In other words, every time we drink and we happen to be an alcoholic, we strengthen that particular neural pathway so that it's easier next time to drink. (Vice versa, once we stop drinking, those neural pathways shrink.) Every time we fall into depressive thoughts or depression, we strengthen those particular neural pathways so it's easier next time to be depressed.

So then I wonder if every time violence occurs in our country, are those particular violent pathways in the neural structure of our country being strengthened. (Or whatever the equivalent of neural pathways a country would have. I recognize our country doesn't have a brain. But it is a kind of thing, a concept, a being, if you will, generated by us, by our laws, our actions, and our feelings.)

Mario also asked me what could we do about the violence in our country, especially if it is exacerbated by an energetic field. (And all of you who are freaked out that I'm talking about energetic fields: Everything has energy. Energetic fields exist. I ain't talking no New Age woo-woo.) I told him I didn't know. If we are strengthening the field of violence by perpetrating violence, we could stop doing that. Well, then everything would be OK, right?

But that's not happening. Hiding from it doesn't help. Pretending we're not angry when we are doesn't help. We have to have a collective shift in our attitudes. A paradigm shift, perhaps.

Starhawk, when discussing the Occupy movement and confronting violence, said that the first thing that has to happen is to come up with a strategy. And the first part of that strategy is this: Admit that violence is endemic to our system.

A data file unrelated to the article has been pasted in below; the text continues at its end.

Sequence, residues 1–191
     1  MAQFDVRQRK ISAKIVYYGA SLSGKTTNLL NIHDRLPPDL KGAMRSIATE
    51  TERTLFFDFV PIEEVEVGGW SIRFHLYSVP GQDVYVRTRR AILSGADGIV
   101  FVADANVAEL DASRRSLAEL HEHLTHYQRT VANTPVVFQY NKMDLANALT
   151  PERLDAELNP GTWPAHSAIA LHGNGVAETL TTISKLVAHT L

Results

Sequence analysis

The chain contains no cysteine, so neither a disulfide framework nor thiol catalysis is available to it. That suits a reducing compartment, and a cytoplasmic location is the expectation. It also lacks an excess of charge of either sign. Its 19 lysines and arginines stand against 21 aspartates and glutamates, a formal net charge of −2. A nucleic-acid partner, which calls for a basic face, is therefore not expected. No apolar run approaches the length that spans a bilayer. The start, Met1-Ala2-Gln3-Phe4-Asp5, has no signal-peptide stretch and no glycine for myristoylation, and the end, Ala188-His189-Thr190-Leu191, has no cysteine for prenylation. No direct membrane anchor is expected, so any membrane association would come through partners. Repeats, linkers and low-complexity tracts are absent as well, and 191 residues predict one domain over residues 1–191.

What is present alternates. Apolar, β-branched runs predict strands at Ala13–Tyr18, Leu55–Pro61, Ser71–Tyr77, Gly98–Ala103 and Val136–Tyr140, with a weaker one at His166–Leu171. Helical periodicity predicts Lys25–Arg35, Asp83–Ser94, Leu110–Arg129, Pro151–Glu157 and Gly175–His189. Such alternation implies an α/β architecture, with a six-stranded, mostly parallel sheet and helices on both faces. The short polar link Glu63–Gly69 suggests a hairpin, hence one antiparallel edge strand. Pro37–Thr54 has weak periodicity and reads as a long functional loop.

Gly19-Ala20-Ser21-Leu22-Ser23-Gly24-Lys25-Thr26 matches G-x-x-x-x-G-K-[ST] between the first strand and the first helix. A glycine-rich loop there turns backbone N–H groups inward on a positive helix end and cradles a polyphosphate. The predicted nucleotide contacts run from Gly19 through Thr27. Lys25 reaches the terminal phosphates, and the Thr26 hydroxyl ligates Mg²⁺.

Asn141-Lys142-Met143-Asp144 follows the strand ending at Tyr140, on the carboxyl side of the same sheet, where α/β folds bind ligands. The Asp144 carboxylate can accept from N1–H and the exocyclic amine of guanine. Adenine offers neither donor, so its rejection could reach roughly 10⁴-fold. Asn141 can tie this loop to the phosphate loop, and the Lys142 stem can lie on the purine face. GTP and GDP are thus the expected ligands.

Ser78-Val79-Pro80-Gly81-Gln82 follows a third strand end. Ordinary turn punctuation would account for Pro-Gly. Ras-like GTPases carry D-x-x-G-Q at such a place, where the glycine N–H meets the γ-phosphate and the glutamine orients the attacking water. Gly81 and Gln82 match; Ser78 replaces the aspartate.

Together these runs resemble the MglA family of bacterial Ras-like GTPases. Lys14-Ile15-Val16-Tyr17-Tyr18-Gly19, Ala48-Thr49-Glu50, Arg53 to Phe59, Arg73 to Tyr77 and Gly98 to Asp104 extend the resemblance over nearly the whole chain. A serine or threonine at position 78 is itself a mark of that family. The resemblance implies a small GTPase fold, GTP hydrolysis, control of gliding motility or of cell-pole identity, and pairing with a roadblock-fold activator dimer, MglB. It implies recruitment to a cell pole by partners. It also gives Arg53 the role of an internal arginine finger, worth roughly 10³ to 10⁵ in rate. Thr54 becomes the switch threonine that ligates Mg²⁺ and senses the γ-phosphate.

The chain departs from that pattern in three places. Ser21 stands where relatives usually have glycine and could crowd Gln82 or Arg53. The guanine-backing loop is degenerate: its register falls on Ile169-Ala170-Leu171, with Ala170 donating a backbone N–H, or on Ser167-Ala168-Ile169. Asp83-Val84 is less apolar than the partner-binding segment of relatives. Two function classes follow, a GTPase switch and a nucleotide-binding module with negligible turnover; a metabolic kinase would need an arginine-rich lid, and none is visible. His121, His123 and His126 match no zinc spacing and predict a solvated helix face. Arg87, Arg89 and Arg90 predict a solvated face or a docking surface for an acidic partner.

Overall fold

She says, "Poverty is a form of violence. Racism, gender violence—all of those things are immense forms of violence that do untold harm, cause untold suffering to people every single day of their lives. But, they’re also hidden. When you say 'violence,' when you say to someone, 'Who’s a violent person?' they might picture a anarchist in a black mask with a bomb, or they might picture someone of a different race with a gun, but they very rarely picture a white man in a business suit who is making decisions which are causing far more suffering than anybody else.

"The strategy of nonviolent resistance, of what some have called the 'people power' strategy, makes the hidden violence in the system visible by contesting it nonviolently. The system can continue to inflict that violence, because in some sense we all consent to it, we all comply with it. Our lives are so entwined with it that to eat and to feed our kids and to pursue our goals, we do what the system requires of us. When we stop doing that, then oftentimes the system responds with that violence, which then becomes visible."

I agree. The first thing to do is admit we have a problem. Let's get away from this bullshit of pretending it doesn't exist. It does. Saying it ain't so won't make it not so. I think also endemic to this country is the idea that we are the best and we can do no wrong. Right now we are the best at violence, we are very good at killing one another, we are very good at ignoring science and the truth.

So where do we go from here? I don't know. I swing from despair to depression and back again. That's not healthy. But when I can crawl out of the grief, I act. So my advice is: Don't collapse into non-action because it seems too big. Don't ignore it. Come up with a strategy for you and yours. First up: Admit the truth.

Next: Ask what is your responsibility? In other words, what is your ability to respond. We all have different things going on in our lives, we have different energy levels, different responsibilities, different levels of health. But once you determine what is your ability to respond, you can begin to figure out where you want to direct your energy.

Next: Don't participate in the violence, if you can. I know that I fall right into violence so easily when I'm stressed or pressed. It's what I know. I was raised in this country. I was brought up on guns and violence even though I come from a liberal family. I swim in this culture, just like everyone else does. I need to change my morphic field. Thich Nhat Hanh says peace starts with each of us, AND he said, get off your butt and participate. (That's a paraphrase.) He calls it Engaged Buddhism. I would call it Engaged Living.

Next: That's up to you. Mario just handed me my dinner. So that's what's up next for me.

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All work copyright © Kim Antieau 2008-.